Continuing on from the five best Night Gallery episodes, I present to you what I consider the five worst episodes.

“Brenda”

Rod Serling intro:

There’s something rather remarkable in the scope of imagination peculiar to children. They project and dream and fantasize with beauty and simplicity and faith in a manner that somehow eludes us as we grow older. This is “Brenda,” and Brenda has a playmate. It comes to her in part because of loneliness—and what I wish for you is that you never get that lonely.

Data:

Episode 7b, season 2 / Air date November 3rd, 1971 / Written by Matthew Howard

Comments:

So boring. And so long — the thirty-minute story feels more like an hour, an agonizing hour.

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“Big Surprise”

Rod Serling intro:

Our painting reminds us that there’s a strange fascination to digging holes alongside ancient oaks. You give the average man a shovel and an X on a map and the fantasies come thick and fast. Pirate gold, hidden Confederate treasure, and sometimes the unexpected—and sometimes the unwelcome. Hence the title: “Big Surprise.”

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Data:

Episode 8c, season 2 / Air date November 10th, 1971 / Written by Richard Matheson

Comments:

Always hated this one. Worst surprise ever. Now, given that it’s from the mind of Richard Matheson, is my opinion bad and should I feel bad? Maybe — but I still don’t like it.

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“The Academy”

Rod Serling intro:

A small item for the pedagogues amongst you, a little something to be found in the drawer alongside the old school ties. Picture, if you will, a very special school where the students don’t matriculate but rather are marooned; where the scholars are not enrolled but rather sentenced. The painting is called “The Academy.”

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Data:

Episode 4d, season 2 / Air date October 6th, 1971 / Written by Rod Serling

Comments:

This one follows a pretty standard Serling formula, but with a weak premise and even weaker payoff.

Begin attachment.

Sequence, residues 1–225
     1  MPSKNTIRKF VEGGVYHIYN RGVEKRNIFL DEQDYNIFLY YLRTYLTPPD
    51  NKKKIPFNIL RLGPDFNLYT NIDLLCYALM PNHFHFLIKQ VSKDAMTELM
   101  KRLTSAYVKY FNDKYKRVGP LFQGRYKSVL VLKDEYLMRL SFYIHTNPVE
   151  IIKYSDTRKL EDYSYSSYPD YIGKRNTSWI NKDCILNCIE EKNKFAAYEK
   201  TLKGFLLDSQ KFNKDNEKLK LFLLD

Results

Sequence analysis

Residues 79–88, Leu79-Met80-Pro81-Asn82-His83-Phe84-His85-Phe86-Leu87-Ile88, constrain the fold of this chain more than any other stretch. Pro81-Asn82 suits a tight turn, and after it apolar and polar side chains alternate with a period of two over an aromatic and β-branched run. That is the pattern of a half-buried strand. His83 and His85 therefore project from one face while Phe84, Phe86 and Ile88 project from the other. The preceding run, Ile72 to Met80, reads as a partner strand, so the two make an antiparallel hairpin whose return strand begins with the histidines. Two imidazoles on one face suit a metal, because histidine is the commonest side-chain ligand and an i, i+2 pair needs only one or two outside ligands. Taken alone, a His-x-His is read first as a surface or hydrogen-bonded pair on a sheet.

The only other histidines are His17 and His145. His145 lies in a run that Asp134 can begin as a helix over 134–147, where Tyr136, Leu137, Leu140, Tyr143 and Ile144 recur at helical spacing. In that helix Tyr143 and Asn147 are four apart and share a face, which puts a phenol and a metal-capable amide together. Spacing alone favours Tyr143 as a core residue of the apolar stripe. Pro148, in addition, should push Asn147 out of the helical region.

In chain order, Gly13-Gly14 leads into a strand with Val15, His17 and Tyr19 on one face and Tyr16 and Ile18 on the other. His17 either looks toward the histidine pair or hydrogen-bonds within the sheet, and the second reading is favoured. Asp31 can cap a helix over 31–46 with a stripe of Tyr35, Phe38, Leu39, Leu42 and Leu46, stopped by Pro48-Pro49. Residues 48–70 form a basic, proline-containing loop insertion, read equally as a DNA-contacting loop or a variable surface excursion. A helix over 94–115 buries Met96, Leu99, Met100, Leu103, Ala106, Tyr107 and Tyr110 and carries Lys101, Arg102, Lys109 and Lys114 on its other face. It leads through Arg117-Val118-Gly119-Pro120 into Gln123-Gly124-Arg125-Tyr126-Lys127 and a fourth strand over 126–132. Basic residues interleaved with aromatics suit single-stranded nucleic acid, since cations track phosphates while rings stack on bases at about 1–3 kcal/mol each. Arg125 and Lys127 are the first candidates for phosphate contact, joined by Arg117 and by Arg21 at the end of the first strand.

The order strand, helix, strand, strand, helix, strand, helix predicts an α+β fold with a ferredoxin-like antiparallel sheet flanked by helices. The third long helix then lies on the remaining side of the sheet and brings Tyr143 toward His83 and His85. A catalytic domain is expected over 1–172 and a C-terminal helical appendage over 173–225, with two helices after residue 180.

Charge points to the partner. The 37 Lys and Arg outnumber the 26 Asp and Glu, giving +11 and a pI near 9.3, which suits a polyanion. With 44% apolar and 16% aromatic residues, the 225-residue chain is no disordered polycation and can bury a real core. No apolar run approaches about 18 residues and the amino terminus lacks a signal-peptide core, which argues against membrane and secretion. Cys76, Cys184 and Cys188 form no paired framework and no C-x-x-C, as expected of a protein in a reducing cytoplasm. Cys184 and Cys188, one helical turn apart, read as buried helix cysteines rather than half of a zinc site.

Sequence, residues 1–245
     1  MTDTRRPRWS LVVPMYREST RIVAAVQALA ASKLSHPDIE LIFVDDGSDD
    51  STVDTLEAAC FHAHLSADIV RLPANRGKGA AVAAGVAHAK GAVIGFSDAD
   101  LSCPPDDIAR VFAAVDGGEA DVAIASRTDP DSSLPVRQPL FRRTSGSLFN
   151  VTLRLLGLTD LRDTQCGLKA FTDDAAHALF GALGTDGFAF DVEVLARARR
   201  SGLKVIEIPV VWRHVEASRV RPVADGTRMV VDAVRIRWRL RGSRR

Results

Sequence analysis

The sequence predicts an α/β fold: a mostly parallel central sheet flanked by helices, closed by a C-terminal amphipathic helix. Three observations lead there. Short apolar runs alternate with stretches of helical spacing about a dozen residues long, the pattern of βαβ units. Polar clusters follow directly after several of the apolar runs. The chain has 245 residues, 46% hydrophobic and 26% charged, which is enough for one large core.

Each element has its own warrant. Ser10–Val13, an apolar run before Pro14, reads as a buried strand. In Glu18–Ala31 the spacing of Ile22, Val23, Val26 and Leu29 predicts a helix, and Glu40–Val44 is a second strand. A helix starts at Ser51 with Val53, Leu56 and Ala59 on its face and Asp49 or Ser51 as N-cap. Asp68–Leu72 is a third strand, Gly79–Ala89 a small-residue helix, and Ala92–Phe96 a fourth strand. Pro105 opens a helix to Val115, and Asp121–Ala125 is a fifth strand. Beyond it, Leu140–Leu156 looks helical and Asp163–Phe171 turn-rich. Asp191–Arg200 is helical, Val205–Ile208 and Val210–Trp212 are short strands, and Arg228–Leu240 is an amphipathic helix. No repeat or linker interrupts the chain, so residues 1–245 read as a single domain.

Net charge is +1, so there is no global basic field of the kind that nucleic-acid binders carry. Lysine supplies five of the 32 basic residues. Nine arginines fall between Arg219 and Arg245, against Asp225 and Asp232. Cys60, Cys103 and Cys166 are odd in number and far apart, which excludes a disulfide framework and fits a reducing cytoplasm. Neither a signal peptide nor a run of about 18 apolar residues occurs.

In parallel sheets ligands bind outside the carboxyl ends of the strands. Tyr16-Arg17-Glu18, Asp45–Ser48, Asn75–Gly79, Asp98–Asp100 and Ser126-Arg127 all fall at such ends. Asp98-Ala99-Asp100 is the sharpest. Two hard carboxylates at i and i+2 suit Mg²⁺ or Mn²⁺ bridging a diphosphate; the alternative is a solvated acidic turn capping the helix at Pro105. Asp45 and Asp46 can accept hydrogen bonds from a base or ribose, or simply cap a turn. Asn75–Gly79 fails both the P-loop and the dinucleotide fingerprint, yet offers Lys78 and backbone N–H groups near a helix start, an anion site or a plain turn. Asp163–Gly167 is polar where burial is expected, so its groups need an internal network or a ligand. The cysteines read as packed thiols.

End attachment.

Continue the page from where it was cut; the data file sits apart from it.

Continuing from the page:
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“Death on a Barge”

Rod Serling intro:

We offer you both tricks and treats in this special realm, where the national dish is pumpkin, the national flower is wolfsbane, and our national anthem is the funeral march, which should give you some definitive idea as to the nature of this place. We show paintings like this one. In a color scheme of blood-red sky with corpse-white moon, this, we tell you up front, is a story of vampires—and of course this must conjure up images of Bela Lugosi and Christopher Lee, somewhat frigid, malevolent, monstrous creatures. But reserve such all-conclusive judgment of the living dead until you hear the story of a particular vampire, the kind you might find in a place like this, the Night Gallery.

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Data:

Episode 12, season 3 / Air date March 4th, 1973 / Written by Halsted Welles

Comments:

Even though the story itself is pretty bland on this one, the thing I’ve always disliked the most is the visual aesthetic. Basically I can’t stand the fuzzy vaseline-on-camera-lens type effect for all vampire scenes. Directed by Leonard Nimoy.

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“Nature of the Enemy”

Rod Serling intro:

This offering is a landscape, lunar and low-keyed, suggestive perhaps of some of the question marks that await us in the stars . . . and perhaps pointing up the moment when we’ll collect something other than moon rocks. This item is called “The Nature of the Enemy.”

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Data:

Episode 2c, season 1 / Air date December 23rd, 1970 / Written by Rod Serling

Comments:

This has to be, definitively, the worst of them all. The demise of astronauts on the moon is a giant rat? A GIANT RAT. ON THE MOON. It makes the gag bits look thoughtful.

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As a kind of coping mechanism, I like to think it was intentional and served as a giant “fuck you” from Serling to Jack Laird, who was essentially the Night Gallery showrunner — not Serling. Indeed, imagination is a useful tool.


-=Dishonorable mentions =-

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  • “The Ring with the Red Velvet Ropes”
  • “The Phantom Farmhouse”
  • “The Dark Boy”